Once again, the pictures from Israel and Gaza were horrible. For eleven days, thousands of missiles and rockets flew from Gaza, forcing millions of terrified Israelis to run to shelters. Again, analysts spoke about the long and violent history of the Palestinian-Israel conflict, human rights, international law, and disproportionality. Diplomats and world leaders solemnly called for an end to the fighting, seeking to end what they called “the endless cycle of violence.”
But somehow, amidst all of this solemn and well-intentioned activity, a few key questions seem to have been missed. In particular, how did Gaza—which, we are repeatedly told, is one of the world’s most impoverished territories—obtain an arsenal of 30,000 rockets and missiles? How were the different Palestinian militias, led by Hamas (aka the Islamic Resistance Movement) able to launch 4,350 of these mass terror weapons at Israeli cities and towns, in just eleven days, while also leaving plenty for the next round?
It appears that almost no one noticed as this deadly arsenal was assembled. The numerous United Nations agencies that claim to be helping the people of Gaza, including the UN Relief and Works Agency (UNRWA), UN Office for the Coordination of Humanitarian Affairs (OCHA), and UN Children’s Emergency Fund (UNICEF), which receive hundreds of millions of dollars from various governments, (including the United States after President Joe Biden reopened the tap) publish an endless flood of reports highlighting the urgent need for additional funds. And yet, mysteriously, none of these mention the numerous factories in Gaza where these rockets are produced, or the civilian structures where they are stored, with rapid-fire reloadable launchers.
The industry behind Gaza’s weapons stockpiles, and the concrete-reinforced tunnels under crowded neighborhoods to protect the weapons against Israeli counterattacks, are located in a tiny strip of land, about half the size of New York City. Given the scale of this activity, it would not have taken a major effort from NGOs, UN agencies, and government aid officials to connect the dots. On the contrary, they had to go far out of their way to avoid the evidence.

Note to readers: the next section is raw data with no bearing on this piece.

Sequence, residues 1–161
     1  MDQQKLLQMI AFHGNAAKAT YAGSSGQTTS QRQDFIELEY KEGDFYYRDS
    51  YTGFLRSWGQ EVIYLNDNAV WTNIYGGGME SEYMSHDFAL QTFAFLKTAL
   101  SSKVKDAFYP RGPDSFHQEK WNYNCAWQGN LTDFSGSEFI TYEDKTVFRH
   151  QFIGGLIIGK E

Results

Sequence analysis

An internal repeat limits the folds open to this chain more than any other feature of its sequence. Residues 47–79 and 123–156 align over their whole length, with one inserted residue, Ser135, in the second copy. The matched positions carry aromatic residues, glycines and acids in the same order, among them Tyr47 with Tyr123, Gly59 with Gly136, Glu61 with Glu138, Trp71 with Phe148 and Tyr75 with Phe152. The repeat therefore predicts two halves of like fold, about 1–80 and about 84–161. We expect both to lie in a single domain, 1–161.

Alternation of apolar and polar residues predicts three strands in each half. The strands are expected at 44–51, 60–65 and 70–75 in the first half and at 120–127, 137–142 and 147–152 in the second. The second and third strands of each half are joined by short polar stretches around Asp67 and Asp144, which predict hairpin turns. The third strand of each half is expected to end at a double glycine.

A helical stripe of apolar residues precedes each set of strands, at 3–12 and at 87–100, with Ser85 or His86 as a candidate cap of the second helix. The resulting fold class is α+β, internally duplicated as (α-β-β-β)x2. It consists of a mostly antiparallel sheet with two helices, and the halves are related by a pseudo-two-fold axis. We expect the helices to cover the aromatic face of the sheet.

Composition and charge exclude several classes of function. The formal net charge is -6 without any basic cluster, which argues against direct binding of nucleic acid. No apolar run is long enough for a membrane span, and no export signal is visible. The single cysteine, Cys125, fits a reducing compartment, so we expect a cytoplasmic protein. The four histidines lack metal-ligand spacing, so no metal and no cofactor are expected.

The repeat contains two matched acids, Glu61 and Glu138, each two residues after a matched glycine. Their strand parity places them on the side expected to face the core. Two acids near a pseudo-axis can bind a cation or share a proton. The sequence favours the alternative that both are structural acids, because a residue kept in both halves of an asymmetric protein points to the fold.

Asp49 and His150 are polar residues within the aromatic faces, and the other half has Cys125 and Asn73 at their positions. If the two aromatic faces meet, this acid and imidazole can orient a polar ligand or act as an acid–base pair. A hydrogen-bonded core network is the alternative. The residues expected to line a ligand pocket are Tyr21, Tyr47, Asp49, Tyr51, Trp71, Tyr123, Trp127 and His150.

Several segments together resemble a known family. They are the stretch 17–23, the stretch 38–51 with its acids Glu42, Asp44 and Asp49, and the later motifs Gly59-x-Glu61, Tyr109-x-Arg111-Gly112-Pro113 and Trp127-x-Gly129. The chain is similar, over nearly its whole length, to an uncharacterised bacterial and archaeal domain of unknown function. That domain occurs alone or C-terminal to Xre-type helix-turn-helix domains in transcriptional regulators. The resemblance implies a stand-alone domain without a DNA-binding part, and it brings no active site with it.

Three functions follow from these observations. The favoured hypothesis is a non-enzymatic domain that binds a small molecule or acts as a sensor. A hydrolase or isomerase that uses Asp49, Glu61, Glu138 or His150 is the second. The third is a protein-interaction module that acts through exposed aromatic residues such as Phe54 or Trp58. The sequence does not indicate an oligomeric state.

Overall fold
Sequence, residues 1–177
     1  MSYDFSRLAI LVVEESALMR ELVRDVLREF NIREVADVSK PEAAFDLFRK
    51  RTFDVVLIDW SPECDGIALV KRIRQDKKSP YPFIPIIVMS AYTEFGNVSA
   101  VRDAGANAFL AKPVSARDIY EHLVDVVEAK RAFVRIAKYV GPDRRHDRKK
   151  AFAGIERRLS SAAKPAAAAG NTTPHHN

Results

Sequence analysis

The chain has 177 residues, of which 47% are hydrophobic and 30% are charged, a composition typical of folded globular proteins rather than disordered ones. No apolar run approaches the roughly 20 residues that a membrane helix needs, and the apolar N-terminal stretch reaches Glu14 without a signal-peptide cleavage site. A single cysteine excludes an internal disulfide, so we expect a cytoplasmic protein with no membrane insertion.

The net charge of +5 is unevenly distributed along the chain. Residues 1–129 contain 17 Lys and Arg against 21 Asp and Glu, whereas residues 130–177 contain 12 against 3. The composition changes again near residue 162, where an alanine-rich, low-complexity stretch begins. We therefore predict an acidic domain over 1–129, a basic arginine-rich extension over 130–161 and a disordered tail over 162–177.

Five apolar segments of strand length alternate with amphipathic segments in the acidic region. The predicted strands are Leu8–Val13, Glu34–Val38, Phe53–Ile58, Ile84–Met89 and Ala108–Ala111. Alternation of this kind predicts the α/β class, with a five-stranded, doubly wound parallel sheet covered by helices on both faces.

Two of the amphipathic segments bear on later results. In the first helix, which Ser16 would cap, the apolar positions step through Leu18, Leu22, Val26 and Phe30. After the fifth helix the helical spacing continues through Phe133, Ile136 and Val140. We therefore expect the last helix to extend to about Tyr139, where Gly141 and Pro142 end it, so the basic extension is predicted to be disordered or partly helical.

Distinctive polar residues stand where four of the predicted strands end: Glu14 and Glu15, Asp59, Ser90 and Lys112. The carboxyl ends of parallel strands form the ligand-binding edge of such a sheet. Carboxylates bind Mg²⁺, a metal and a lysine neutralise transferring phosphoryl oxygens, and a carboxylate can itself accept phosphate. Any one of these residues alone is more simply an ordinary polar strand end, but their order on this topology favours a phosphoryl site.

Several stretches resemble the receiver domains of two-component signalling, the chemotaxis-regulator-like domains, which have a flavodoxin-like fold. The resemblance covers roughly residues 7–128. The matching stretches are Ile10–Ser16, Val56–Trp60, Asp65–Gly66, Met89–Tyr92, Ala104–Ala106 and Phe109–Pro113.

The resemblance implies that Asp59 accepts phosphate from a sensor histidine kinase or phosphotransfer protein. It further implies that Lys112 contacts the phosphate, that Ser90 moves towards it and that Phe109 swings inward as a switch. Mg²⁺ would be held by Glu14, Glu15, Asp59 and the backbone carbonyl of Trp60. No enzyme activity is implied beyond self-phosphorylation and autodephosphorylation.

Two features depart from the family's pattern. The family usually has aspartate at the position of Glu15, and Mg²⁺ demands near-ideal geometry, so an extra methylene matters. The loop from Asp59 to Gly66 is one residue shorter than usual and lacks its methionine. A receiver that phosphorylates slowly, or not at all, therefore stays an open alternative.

Since 2001, when Palestinian “resistance” rockets were initially launched across the Gaza border, more than 10,000 weapons have been fired into Israel. Most were made locally, using materials (pipes, chemicals for explosives) and machine tools from Iran and those brought in as humanitarian aid from international donors. The warheads, frequency of attacks, and range of the rockets increased steadily, causing a growing number of casualties, including deaths.
When Israel withdrew all of its forces and civilians from Gaza in 2005, missile production increased significantly. In the first Gaza war, beginning on December 28, 2008, 750 missiles and mortars were fired across the border at cities and towns (each one was a war crime). Israeli counter-attacks caused damage but did not stop the rockets, and the international community remained silent. The attacks resumed, starting with a trickle, before gradually increasing and triggering more Israeli counter-attacks. This script was repeated through a number of cycles, including a fifty-one-day war in 2014, this time with 4,500 rocket attacks from Gaza. After that war ended, the production lines were quickly restarted, using more materials “acquired” from international aid supplies, while the donors all looked the other way. This set the stage for the latest version of this tragedy.
With more dead and wounded from yet another war, fresh images of Israeli children running to shelters, and bombed-out houses and other buildings in Israel and Gaza, will anything change? Will the UN and donor countries begin to act responsibly to ensure, finally, that Hamas and its allies will stop stealing the materials donated for rebuilding Gaza in order to restart the missile factories and rebuild the terror tunnels?
To end this cycle, the providers of international aid for Gaza must do more than issue solemn statements about peace, while turning a blind eye as humanitarian aid is diverted into even more missiles and rockets. To make a real contribution, NGOs, the UN, and major donor countries—including Canada—would have to create a serious monitoring and enforcement mechanism, and even withhold aid as long as the mass production of missiles and construction of concrete tunnels continues. Creating and implementing such mechanisms will be costly and difficult. But the alternative of continuing to ignore Gaza’s arsenal of weapons and the massive underground tunnel complex is too costly.
Gerald Steinberg is emeritus professor of political science at Bar-Ilan University and heads the Institute for NGO Research in Jerusalem.